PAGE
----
Common core

Dateline: Wed 16 Jan 2013

As the issue of Common Core Curriculum heats up in Indiana, with Indiana Republican legislator Rep. Scott Schneider introducing his bill to get rid of the national standards for education in the Hoosier state, you may want to read this:

http://opinionator.blogs.nytimes.com/2012/11/22/what-should-children-read/

As an English major and champion of the narrative, I was more than a little surprised to read about what's in store for those teaching and studying English.

To quote the author, Sara Mosle, a contributor to the New York Times and an educator in New Jersey:

"The standards won't take effect until 2014, but many public school systems have begun adjusting their curriculums to satisfy the new mandates. Depending on your point of view, the now contentious guidelines prescribe a healthy - or lethal - dose of nonfiction.

"For example, the Common Core dictates that by fourth grade, public school students devote half of their reading time in class to historical documents, scientific tracts, maps and other "informational texts" - like recipes and train schedules. Per the guidelines, 70 percent of the 12th grade curriculum will consist of nonfiction titles. Alarmed English teachers worry we're about to toss Shakespeare so students can study, in the words of one former educator, "memos, technical manuals and menus."

"David Coleman, president of the College Board, who helped design and promote the Common Core, says English classes today focus too much on self-expression. "It is rare in a working environment," he's argued, "that someone says, 'Johnson, I need a market analysis by Friday but before that I need a compelling account of your childhood.' "

Mosle supports Coleman's thesis and makes a powerful argument for the reading of excellent non-fiction or narrative non-fiction. She defines it as  "writing that tells a factual story, sometimes even a personal one, but also makes an argument and conveys information in vivid, effective ways" and especially says it is found, historically (my additon) in newspapers and magazines and "in the dwindling outlets for long-form journalism." 

"Students." she writes, "are a natural (and the future) audience for serious, in-depth reporting. Skilled practitioners can demonstrate the power of facts, and provide models - topic sentence by topic sentence - for compelling narrative."

Her conclusion:

"There are anthologies of great literature and primary documents, but why not "30 for Under 20: Great Nonfiction Narratives?" Until such editions appear, teachers can find complex, literary works in collections like "The Best American Science and Nature Writing," on many newspaper Web sites, which have begun providing online lesson plans using articles for younger readers, and on ProPublica.org. Last year, The Atlantic compiled examples of the year's best journalism, and The Daily Beast has its feature "Longreads." Longform.org not only has "best of" contemporary selections but also historical examples dating back decades."

Mosle's arguments are sound, but one wonders how plentiful all this "best journalism" will be with fewer reporters, less teeth, shorter stories, etc? To quote Capt. James Hook, (yes, "Peter Pan," "This is where the cancer gnaws."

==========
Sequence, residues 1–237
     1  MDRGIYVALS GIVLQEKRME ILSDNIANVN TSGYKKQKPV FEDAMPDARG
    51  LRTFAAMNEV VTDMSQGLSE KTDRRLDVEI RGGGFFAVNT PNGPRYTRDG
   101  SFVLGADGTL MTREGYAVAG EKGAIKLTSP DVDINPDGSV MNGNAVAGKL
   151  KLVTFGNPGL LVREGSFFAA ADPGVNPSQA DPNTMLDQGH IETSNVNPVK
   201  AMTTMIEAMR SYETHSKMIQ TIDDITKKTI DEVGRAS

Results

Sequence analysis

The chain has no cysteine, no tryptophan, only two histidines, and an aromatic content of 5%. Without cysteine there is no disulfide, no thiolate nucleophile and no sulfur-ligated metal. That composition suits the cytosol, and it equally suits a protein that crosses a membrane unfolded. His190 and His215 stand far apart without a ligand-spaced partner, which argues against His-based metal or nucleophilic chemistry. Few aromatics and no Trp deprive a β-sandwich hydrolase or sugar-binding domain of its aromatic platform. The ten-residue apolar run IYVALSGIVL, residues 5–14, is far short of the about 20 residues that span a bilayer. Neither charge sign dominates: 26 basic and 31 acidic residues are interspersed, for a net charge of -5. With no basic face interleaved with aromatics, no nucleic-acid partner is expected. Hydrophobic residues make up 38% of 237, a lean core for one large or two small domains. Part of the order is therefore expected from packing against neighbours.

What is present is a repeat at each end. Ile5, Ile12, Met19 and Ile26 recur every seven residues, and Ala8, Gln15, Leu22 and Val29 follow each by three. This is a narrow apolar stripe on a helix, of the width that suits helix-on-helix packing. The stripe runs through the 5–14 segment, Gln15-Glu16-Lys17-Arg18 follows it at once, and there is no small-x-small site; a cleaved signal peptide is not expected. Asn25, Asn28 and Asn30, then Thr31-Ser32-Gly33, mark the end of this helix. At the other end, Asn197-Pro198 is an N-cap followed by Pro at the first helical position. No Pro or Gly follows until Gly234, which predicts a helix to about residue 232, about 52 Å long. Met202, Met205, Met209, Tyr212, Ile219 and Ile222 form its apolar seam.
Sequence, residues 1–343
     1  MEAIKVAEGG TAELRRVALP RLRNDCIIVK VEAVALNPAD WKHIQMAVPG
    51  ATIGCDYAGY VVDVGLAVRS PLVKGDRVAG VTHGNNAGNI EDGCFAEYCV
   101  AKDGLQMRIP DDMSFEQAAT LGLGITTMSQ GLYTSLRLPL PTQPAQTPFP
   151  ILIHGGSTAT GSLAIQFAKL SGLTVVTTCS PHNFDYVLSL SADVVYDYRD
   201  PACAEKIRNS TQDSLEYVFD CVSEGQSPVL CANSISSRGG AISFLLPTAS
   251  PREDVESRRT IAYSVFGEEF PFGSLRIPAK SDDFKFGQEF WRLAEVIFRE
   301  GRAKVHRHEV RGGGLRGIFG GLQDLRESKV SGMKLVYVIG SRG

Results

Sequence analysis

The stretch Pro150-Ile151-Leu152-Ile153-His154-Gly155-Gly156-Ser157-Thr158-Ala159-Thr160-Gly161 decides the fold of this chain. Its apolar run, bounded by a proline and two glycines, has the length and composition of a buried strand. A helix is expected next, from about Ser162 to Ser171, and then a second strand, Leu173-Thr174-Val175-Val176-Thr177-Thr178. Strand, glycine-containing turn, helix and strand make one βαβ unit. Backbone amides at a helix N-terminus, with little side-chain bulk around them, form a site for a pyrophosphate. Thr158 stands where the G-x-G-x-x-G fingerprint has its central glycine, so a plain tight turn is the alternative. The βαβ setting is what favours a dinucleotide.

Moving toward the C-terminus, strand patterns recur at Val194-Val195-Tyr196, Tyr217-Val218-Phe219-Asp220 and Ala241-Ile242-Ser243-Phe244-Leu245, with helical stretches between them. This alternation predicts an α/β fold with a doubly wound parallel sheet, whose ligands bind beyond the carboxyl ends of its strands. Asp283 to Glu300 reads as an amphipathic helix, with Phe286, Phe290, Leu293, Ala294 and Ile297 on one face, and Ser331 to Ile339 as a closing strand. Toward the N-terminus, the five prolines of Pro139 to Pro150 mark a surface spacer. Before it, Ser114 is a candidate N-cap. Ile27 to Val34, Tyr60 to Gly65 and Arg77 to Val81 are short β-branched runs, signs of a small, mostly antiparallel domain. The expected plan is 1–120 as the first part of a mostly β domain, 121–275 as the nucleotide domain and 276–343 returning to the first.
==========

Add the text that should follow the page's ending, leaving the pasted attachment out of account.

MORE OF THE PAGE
Comments

hendy [Member] said:

Common Core is an unknown quantity in a number of ways, and its effects won't be known for two generations. Part of non-fiction and factual representation comes from knowing theory of knowledge, and other examinations which might be too difficult for some to want to delve into. This includes the Religious Right, which seems to be not interested in having things like their theos challenged. It is in that challenge that there are increases and decreases in "faith", but the noise is to difficult for some ears to want to hear.

2013-01-16 10:12:37

Gene Poole [unverified] said:

Secular orthodoxy delights in the gray of unknown quantities. There's programatic green in fleecing a gamed public with stuff they call "policy."

Indoctrinating children with wealth redistribution narratives isn't math- it's an insidious agenda.

Thomas Aquinas wasn't spooked by delving into science & "Common Core" won't survive appropriate disclosure or exposure of what it is...

2013-01-16 20:35:33

hendy [Member] said:

It's not Thomas Aquinas that I was referring to. The difference between the "classical education" and one that is poised more towards expository writing after investigation and observation has been a right-wing anathema.

Although I'm secular in nature, you're welcome to teach what you feel is necessary in terms of spirituality at home, and not in my children and grandchildren's classroom.

Your characterization of what Common Core is an does needs a revisiting. If you do, you'll see it's not what you believe it to be.

2013-01-17 17:57:14

Tom Greenacres [unverified] said:

Critical thinking is being replaced by job training.

2013-01-17 19:53:28

Jason [unverified] said:

I think Tom nailed it. "Elective" courses from woodshop to foreign languages, and evidently literature, are being cut and I think they're trying to blend it all together. Half of the joy in school is in learning things that have no applicability in day-to-day life. It also makes you a much better Jeopardy player.

I'm thinking about switching my everyday handwriting back to the broken cursive I used in school just to keep the art alive.

2013-01-18 05:52:46

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